The next problem was a more serious glitch — the inexplicable disappearance of all of my savegames after the third. I know they were there, because the game wouldn't let me create another game with the same name, but they simply did not appear in the list. Rather than continue my most recent surviving game, which was saved several chapters back, I had to start a new game in Chapter Seven. It wouldn't be so bad, but when you create a new game in a chapter, your inventory contains only the minimum items you would have needed to successfully complete the previous chapter. In this case, I started out missing certain items that I had already acquired in my lost saved game, and which I needed for this chapter. Some of the problems have multiple solutions, and an alternate to that item was available, but as far as I knew I had just lost a crucial and irreplaceable item, which there was no way to retrieve in the current chapter. This caused some frustration.
Finally, the cursor, which is a gold cross that changes to red over a hotspot, was rendered in a muddled black and white in this chapter, making me miss important hotspots and make disastrous mistakes during timed sequences. I learned that this is a known issue, that a quirk of the way the game processes movies in this chapter made a color cursor impossible to implement. I found that a poor excuse. If one of the seven chapters of the game simply can't handle a color cursor, then the cursor for the entire game should be redesigned to be black and white and change in a recognizable way over hotspots. Don't train the player in a feature that you remove when it most counts. Tsk tsk!
So for all of the foregoing reasons, I was having a horrible time with the endgame, which I think in other circumstances I might have rather enjoyed. Here is the only time in the game where the character is in peril, and there is a fairly exciting chase sequence and some timed decision points where you have to get yourself out of a tight spot. Failure is rewarded with death, and a chance to retry from the point where you first went wrong. There are multiple paths through the endgame, and it contains some of the game's most interesting sequences.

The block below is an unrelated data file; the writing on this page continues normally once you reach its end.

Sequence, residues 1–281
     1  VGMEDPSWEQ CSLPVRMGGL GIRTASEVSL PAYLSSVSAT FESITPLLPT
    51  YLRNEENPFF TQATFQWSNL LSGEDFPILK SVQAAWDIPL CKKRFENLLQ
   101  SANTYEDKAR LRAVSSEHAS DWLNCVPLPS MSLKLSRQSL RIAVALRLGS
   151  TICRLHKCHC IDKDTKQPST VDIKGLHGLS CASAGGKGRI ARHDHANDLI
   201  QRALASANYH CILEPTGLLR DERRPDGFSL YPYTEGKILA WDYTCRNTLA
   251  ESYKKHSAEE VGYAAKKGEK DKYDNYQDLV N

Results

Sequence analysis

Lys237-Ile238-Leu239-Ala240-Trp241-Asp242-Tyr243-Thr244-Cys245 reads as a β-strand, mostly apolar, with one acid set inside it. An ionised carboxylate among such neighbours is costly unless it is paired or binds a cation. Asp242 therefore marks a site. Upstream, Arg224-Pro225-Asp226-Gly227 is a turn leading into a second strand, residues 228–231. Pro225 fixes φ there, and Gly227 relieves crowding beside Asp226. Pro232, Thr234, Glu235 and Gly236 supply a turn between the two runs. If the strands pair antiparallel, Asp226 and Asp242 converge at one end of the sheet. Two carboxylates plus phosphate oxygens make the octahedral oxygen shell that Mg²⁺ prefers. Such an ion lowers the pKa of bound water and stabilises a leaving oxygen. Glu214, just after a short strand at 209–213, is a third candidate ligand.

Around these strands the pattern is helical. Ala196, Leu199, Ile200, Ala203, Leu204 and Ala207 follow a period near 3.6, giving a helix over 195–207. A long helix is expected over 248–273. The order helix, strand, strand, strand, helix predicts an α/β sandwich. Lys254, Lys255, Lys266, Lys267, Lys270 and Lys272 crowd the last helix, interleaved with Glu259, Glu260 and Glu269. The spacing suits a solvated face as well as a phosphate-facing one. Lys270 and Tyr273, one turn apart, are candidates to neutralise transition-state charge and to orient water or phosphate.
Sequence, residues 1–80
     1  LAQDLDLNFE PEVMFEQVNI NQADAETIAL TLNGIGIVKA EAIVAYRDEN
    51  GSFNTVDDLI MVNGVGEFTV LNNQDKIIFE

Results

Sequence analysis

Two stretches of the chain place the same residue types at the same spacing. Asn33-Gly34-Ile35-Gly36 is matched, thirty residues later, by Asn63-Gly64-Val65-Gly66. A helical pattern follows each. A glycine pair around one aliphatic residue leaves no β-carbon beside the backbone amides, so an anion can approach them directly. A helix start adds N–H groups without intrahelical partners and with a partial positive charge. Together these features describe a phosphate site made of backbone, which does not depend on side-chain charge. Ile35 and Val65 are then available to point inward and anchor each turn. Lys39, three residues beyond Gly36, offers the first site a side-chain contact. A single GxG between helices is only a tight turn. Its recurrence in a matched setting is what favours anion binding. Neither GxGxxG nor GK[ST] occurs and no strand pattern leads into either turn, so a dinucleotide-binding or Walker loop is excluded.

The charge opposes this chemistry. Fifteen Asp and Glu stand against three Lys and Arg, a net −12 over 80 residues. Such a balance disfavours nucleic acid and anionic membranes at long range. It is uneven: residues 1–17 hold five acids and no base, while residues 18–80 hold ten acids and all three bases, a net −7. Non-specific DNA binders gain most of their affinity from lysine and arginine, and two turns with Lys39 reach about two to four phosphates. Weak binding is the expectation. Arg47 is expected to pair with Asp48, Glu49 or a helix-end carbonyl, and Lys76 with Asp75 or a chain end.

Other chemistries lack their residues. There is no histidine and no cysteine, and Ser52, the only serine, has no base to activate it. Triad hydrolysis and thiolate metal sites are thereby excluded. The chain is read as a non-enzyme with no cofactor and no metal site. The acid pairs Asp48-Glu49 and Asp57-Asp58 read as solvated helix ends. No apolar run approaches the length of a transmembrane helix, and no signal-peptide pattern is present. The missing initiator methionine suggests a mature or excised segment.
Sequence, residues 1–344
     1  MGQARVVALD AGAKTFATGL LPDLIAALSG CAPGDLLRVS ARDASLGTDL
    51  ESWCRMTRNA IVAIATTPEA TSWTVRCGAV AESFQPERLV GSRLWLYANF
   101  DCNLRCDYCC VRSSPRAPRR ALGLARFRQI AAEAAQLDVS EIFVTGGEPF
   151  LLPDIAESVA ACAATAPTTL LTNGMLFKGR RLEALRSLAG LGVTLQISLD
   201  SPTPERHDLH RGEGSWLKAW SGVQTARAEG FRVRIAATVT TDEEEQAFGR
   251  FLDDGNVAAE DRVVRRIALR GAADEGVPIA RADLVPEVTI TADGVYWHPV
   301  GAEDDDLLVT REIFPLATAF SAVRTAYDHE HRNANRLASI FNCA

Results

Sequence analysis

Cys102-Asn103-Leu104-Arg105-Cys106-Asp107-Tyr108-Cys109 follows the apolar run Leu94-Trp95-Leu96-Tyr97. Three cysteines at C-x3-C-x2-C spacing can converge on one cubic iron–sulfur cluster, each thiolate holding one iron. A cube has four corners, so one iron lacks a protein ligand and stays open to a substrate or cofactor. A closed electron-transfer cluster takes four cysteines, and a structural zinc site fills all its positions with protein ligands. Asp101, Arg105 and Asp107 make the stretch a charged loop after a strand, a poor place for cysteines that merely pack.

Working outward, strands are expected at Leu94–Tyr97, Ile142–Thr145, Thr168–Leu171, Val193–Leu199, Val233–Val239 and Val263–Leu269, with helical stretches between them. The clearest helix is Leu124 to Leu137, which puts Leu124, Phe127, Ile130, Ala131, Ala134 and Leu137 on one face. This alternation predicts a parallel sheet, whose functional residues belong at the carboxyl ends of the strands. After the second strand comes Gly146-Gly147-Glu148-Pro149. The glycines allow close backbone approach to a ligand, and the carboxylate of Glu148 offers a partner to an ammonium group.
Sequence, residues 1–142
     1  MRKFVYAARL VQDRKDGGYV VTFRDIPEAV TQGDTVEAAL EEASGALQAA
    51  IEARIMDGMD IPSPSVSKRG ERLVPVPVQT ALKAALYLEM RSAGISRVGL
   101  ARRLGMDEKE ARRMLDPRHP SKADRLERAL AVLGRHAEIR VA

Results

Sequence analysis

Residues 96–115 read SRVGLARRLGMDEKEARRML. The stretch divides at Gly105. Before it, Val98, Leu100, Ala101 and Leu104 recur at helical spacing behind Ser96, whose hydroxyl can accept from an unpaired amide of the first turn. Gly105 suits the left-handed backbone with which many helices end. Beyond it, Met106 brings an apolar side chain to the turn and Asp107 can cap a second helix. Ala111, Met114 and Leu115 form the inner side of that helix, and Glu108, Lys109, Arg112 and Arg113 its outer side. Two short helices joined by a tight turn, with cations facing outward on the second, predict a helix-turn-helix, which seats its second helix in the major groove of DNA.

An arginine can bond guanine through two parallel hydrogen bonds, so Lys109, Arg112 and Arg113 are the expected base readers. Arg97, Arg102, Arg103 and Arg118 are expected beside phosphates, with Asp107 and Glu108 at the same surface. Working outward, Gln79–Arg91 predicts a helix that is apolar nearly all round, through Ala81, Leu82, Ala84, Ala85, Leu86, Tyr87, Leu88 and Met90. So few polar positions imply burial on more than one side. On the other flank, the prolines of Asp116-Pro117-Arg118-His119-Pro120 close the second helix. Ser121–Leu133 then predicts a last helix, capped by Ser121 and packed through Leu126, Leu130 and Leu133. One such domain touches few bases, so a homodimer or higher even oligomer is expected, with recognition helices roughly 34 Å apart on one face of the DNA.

Apart from the technical difficulties and setbacks, though, a few further aggravations mar what should have been the game's high point. For one, the movies aren't skippable. So if you mess up, like I did, and have to retry a dozen times or more, like I did, then you have to watch the same series of movies and watch yourself be gruesomely killed in the same way over and over and over again. Suspenseful sequences like that lose some of their effect when you get to know every pixel by heart. Second, there are a few key items you need, but I wasn't really sure what they were, since during the all-important scene in any game where the wise old character explains to you what you need to do, the conversation happens offscreen! All I heard was a list of items, many of which I had never heard of before, and one of which it isn't even possible to obtain ahead of time, so I could never go in knowing I had everything I needed. The whole time I was fighting through that endgame, I wondered if I would make it to the very end only to fail because of a lack of supplies. Meaning I'd have to watch all those movies again. And in fact, that is exactly what happened. Theoretically, it seems that the automatic retry feature would protect against you constantly replaying a path that had already been screwed up by an earlier mistake, but it only looks at the moves you make — it doesn't care what you have in your inventory, so I was in fact replaying a doomed path. All of this combined to make me very, very, very glad when I finally finished the game.
So how does Phantasmagoria stand up? Its historical significance cannot be denied, both for its technically ambitious envelope-pushing and the sheer buzz and consternation it caused. It's also an important cornerstone in Roberta Williams's long career. None of which is sufficient cause for anyone to play a game, of course, excepting the scholar or completist. I have mentioned that it's appropriate for the growing audience of casual gamers but, as the screenshots will amply attest, it's not for those who have a low tolerance for the graphics of earlier eras. Impressive in its day, and fine for my classic gamer eyes, but I'm told that many people find that kind of obvious bluescreening and grainy low-res video an affront to the senses, so I must issue appropriate cautions on that front. And as far as story goes, I am the last person on earth to discount the importance of story to a game, but, even given all the flaws I've painstakingly described, it has to be admitted that there's far worse. Phantasmagoria is enjoyable, in varying degrees based on your enjoyment of fright-fest horror fare and your tolerance for hammy acting.
So I would say, if you're a casual or adventure gamer, if you like B-movie horror, if you liked King's Quest, if you're bored, and if you can find a cheap used copy on Amazon, and especially if it's almost Halloween, then go for it.
If not, then come back for my review of Scratches, which is my next game. I started it last night. It's about a novelist who buys and moves into an old haunted Victorian mansion in October, then weird things start happening. Spooky, huh?